Mysterious, decadent, and unapologetically flamboyant, LOTE is a dazzlingly good read. Behind all the champagne and cults, it’s also an intelligent interrogation of the politics of aesthetics, eurocentrism, and the presence/absence of Black figures in the artistic canon. It asks us: in a world that remembers Stephen Tennant, how many Hermia Drumms have disappeared into the archives?

Carmella reviews All Men Want to Know by Nina Bouraoui – The Lesbrary

Susan reviews The Lady’s Guide to Celestial Mechanics by Olivia

All Men Want to Know by Nina Bouraoui

Content warning: this review references sexual assault

In the first chapter of her auto-fictional novel All Men Want to Know, Nina Bouraoui (translated from French by Aneesa Abbas Higgins) writes: “I want to know who I am, what I am made of, what I can hope for; I trace the thread of my past back as far as it will take me, making my way through the mysteries that haunt me, hoping to unravel them.”

This is just what the book sets out to do, exploring the narrator’s adult sense of identity–lesbian, writer, French, Algerian–through her past. Born to a French mother and an Algerian father, Bouraoui lived in Algiers until the age of fourteen, when her family relocated to France. Through this fictionalised narrative, Bouraoui ‘unravels’ her personal history, from a sun-baked childhood idyll in an Algeria threatened by the looming civil war of the 90s, to her search for connection as an 18-year-old in the lesbian nightlife of Paris, to her mother’s own life and experiences of sexual assault.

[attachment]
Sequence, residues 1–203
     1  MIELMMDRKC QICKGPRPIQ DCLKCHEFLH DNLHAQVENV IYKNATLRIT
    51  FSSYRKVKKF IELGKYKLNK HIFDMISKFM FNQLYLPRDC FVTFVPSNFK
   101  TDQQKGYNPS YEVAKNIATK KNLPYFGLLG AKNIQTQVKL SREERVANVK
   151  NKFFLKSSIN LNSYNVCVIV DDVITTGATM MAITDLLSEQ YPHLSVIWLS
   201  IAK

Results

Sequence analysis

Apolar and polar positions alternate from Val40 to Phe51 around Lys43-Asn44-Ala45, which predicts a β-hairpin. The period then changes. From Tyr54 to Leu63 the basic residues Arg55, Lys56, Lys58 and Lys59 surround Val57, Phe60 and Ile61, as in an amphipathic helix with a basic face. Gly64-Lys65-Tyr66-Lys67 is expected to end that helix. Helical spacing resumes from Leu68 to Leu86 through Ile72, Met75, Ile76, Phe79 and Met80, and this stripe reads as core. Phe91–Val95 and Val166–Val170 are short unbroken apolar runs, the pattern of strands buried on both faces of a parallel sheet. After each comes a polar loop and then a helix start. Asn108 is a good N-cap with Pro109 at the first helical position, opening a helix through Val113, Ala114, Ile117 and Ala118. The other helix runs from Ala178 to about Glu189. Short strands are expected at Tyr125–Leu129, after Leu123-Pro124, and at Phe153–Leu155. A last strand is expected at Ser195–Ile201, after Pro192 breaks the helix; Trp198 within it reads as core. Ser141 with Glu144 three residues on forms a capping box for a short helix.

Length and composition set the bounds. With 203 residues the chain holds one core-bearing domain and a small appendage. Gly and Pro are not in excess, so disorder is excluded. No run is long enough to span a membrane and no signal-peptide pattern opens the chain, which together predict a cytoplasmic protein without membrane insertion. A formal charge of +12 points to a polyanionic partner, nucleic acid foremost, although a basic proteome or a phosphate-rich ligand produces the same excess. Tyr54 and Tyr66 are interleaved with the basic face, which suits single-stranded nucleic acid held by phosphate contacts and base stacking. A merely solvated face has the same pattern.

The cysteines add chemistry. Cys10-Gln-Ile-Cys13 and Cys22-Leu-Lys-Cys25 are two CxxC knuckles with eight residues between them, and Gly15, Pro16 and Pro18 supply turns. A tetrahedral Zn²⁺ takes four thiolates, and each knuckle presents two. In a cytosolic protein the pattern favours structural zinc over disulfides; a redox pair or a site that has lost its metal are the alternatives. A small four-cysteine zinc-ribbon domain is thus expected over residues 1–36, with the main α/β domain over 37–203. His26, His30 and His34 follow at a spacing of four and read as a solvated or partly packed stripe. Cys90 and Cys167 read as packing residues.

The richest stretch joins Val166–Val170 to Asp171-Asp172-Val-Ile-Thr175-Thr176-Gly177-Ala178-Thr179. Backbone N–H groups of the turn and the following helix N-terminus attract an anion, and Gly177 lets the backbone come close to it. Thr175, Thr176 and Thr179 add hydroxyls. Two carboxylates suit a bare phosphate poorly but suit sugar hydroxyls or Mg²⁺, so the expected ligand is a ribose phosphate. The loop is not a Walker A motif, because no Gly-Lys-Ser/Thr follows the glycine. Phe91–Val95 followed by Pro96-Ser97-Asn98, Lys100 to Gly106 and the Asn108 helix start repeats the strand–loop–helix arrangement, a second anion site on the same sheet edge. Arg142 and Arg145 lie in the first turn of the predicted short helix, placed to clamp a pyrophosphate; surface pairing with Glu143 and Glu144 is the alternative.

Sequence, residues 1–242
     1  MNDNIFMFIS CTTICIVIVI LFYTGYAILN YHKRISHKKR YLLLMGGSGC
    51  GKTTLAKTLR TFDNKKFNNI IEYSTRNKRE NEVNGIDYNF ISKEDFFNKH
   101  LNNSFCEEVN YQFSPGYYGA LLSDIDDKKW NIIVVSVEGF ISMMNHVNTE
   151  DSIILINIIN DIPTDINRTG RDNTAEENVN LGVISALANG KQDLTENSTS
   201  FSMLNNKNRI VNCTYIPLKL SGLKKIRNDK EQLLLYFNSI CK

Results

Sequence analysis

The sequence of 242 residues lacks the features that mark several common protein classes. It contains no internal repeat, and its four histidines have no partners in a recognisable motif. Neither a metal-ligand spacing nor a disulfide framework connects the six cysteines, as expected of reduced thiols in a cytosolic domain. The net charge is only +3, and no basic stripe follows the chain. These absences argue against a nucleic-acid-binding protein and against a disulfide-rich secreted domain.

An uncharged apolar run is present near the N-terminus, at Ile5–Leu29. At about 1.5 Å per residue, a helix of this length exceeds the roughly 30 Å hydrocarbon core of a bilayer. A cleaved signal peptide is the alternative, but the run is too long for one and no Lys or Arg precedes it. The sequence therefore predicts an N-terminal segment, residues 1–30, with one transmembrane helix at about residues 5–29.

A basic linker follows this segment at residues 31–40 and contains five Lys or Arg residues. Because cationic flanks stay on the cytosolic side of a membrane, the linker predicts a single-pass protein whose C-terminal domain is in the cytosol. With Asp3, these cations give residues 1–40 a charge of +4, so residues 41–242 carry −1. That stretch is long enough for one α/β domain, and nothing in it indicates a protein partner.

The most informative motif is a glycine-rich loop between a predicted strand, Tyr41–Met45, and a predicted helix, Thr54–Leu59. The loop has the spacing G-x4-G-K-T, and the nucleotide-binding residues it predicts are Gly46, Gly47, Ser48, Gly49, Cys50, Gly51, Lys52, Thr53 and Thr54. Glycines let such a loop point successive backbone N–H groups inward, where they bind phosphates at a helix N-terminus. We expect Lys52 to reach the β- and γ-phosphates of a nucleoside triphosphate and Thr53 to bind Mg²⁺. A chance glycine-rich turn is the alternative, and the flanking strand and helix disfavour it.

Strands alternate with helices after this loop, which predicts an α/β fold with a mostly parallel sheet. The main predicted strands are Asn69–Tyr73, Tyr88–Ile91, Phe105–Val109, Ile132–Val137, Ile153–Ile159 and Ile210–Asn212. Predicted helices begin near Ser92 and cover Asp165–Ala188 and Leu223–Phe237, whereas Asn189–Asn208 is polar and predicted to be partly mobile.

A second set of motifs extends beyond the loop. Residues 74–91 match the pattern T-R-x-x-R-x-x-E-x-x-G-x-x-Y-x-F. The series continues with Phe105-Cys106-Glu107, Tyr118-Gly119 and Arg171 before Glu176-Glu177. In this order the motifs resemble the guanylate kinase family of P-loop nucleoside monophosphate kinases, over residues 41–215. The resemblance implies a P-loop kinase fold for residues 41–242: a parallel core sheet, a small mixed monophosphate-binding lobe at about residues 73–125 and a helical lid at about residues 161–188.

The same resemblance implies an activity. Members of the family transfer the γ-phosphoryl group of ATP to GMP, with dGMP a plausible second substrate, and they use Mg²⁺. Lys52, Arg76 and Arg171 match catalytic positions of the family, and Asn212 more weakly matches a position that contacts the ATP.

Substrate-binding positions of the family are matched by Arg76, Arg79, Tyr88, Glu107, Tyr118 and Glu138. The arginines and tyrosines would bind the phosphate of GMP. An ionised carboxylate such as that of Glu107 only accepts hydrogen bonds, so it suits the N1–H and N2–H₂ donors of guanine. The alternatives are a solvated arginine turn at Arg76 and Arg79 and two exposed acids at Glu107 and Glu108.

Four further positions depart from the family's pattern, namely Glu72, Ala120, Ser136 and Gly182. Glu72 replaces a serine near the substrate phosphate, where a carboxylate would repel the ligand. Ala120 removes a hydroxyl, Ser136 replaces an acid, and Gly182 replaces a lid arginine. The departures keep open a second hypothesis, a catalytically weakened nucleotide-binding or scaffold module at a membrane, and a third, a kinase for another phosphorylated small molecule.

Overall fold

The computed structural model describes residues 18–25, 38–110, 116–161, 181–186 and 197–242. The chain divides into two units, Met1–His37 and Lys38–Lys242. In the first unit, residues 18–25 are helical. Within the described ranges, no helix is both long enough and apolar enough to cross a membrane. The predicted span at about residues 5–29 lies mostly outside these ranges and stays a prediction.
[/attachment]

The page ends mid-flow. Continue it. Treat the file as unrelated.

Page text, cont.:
The story is told through beautiful vignette-like chapters that flicker between time periods and locations, mixing past and present, Paris and Algiers. It’s an experimental form that risks becoming frustrating, but I found the short chapters page-turningly compelling. The lack of fixed time and location represents Bouraoui’s own feelings of belonging between places: “I can’t choose one country, one nationality, over the other, I’d feel I was betraying either my mother or my father.”

In the Algerian chapters, headed as ‘Remembering’, Bouraoui writes vividly of desert holidays with her mother and sister alongside the horror of political unrest and violence. Roadblocks, harassment, and murders intertwine with family anecdotes and capers with her childhood best friend Ali.

As an 18-year-old in Paris, Bouraoui begins frequenting a women-only nightclub, looking for love but too terrified to act upon her desires. In this intimately anonymous setting, she feels part of the gay community (“I like these two words, they don’t so much belong to me as own me”) but experiences disconnection from her new lesbian social circle (“The women I spend time with are my rivals, women I go out with, not my friends”). Away from the club scene, she also begins to write. These chapters–headed ‘Becoming’–are reminiscent of the Parisian chapters of The Well of Loneliness as well as the works of Qiu Miaojin in their haunting sense of alienation.

The final narrative strand offers an account of Bouraoui’s mother’s youth in a war-torn France and the barriers surrounding her cross-cultural marriage. These ‘Knowing’ chapters mix family oral history with omniscience – how much would the narrator have been told and how much has been imagined?